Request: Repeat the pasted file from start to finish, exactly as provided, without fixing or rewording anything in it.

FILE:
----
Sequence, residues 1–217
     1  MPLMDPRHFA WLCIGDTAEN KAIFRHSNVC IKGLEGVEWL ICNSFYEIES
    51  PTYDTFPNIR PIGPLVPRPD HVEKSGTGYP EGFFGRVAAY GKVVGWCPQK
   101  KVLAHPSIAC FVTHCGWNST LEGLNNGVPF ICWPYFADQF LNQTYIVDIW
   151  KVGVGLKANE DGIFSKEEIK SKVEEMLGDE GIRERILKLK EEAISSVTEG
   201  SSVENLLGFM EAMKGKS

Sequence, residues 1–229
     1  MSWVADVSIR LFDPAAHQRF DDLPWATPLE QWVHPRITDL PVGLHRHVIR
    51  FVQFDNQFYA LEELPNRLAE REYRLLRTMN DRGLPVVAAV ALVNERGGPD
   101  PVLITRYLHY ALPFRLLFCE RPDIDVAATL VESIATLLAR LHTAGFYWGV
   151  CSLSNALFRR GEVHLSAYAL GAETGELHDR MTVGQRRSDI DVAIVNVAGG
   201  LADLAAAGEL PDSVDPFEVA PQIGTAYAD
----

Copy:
Sequence, residues 1–217
     1  MPLMDPRHFA WLCIGDTAEN KAIFRHSNVC IKGLEGVEWL ICNSFYEIES
    51  PTYDTFPNIR PIGPLVPRPD HVEKSGTGYP EGFFGRVAAY GKVVGWCPQK
   101  KVLAHPSIAC FVTHCGWNST LEGLNNGVPF ICWPYFADQF LNQTYIVDIW
   151  KVGVGLKANE DGIFSKEEIK SKVEEMLGDE GIRERILKLK EEAISSVTEG
   201  SSVENLLGFM EAMKGKS

Sequence, residues 1–229
     1  MSWVADVSIR LFDPAAHQRF DDLPWATPLE QWVHPRITDL PVGLHRHVIR
    51  FVQFDNQFYA LEELPNRLAE REYRLLRTMN DRGLPVVAAV ALVNERGGPD
   101  PVLITRYLHY ALPFRLLFCE RPDIDVAATL VESIATLLAR LHTAGFYWGV
   151  CSLSNALFRR GEVHLSAYAL GAETGELHDR MTVGQRRSDI DVAIVNVAGG
   201  LADLAAAGEL PDSVDPFEVA PQIGTAYAD